Meanwhile, it's unlikely that the final costs would remain in line with PwC’s estimate. Research from the University of Oxford found that every Olympics dating back to 1960 exceeded the preliminary budget, with an average cost overrun of a remarkable 252% in case of the summer games.
Reports claiming that Hungary is spending HUF90bn - ten times more than the original budget - on hosting next year’s World Aquatics Championship offer little hope that a Hungarian Olympics would be an exception.
“There is not really a way to organise a cheap Olympics,” Andrew Zimbalist, sport economist and writer of Circus Maximus: The Economic Gamble Behind Hosting the Olympics and the World Cup told local press recently. He estimates that the final costs of a Hungarian Olympics would amount to around HUF4,200-5,700bn.
Winner takes all
Critics note that PwC’s study is based on average GDP growth of 3% through to 2024 and hardly mentions any risks. Meanwhile, it only vaguely emphasizes the importance of transparency during the organization of the games.
While big-scale, complex construction projects carry a high risk of corruption in any country, it would be “especially dangerous” to organise such a large event in Hungary, Toth says. “Risks of corruption substantially increase in a country of crony capitalism, where – if you are a good friend of the prime minister – you can steal as much as he lets you without being charged of any crime,” he claims.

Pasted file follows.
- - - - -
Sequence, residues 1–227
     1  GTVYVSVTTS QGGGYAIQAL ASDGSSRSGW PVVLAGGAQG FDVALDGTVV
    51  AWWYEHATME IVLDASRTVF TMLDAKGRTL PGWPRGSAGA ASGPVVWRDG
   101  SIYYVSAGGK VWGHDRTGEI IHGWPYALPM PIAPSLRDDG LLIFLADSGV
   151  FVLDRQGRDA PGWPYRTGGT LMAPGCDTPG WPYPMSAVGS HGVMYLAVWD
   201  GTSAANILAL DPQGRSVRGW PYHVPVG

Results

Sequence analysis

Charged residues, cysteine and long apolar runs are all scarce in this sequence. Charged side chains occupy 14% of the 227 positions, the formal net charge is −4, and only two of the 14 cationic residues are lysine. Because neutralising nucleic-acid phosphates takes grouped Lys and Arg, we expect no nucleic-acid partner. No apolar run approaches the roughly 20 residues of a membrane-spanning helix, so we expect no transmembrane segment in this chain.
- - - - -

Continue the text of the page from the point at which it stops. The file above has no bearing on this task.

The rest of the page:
The government has been widely criticised due to a recent scandal over the use of public funds by the central bank, which is led by Gyorgy Matolcsy, whom Orban has called his "right hand". More to the point, many questions were raised over irregularities when Istvan Garancsi - an oligarch close to the PM - won a HUF49bn project to build a swimming pool for the World Aquatics Championship.
Toth points to Rio de Janeiro, which will host the 2016 games. The array of economic and political problems the Brazilian city has met only serve to highlight the potential hazards.
"Everything that has happened in Brazil is also likely to happen in Hungary," he says. "The Hungarian state is very vulnerable in terms of corruption; the integrity of its institutions is in no better shape than in Brazil."
"There are only a couple of interest-groups who profit from the Olympic Games," Zimbalist says. "People slowly realize that it is not worth it for a city to spend billions. In democracies, citizens are generally asked whether they want the Olympic Games, and they vote against them most of time.” Boston and Hamburg both dropped out of the 2024 race following referendums.
Although pollster Median reports that only 41% of Hungarians support a bid to host the games, a referendum is not on the horizon. The country's highest court refused a proposal to take a vote on the issue early this year, while Budapest mayor Istvan Tarlos claims “citizens would not be able to make a responsible decision about the issue”.
Orban insists sports "should not become the battlefield of political fights”. But still, the PM claims that the Olympic bid has become "a real passion of the Hungarian people”.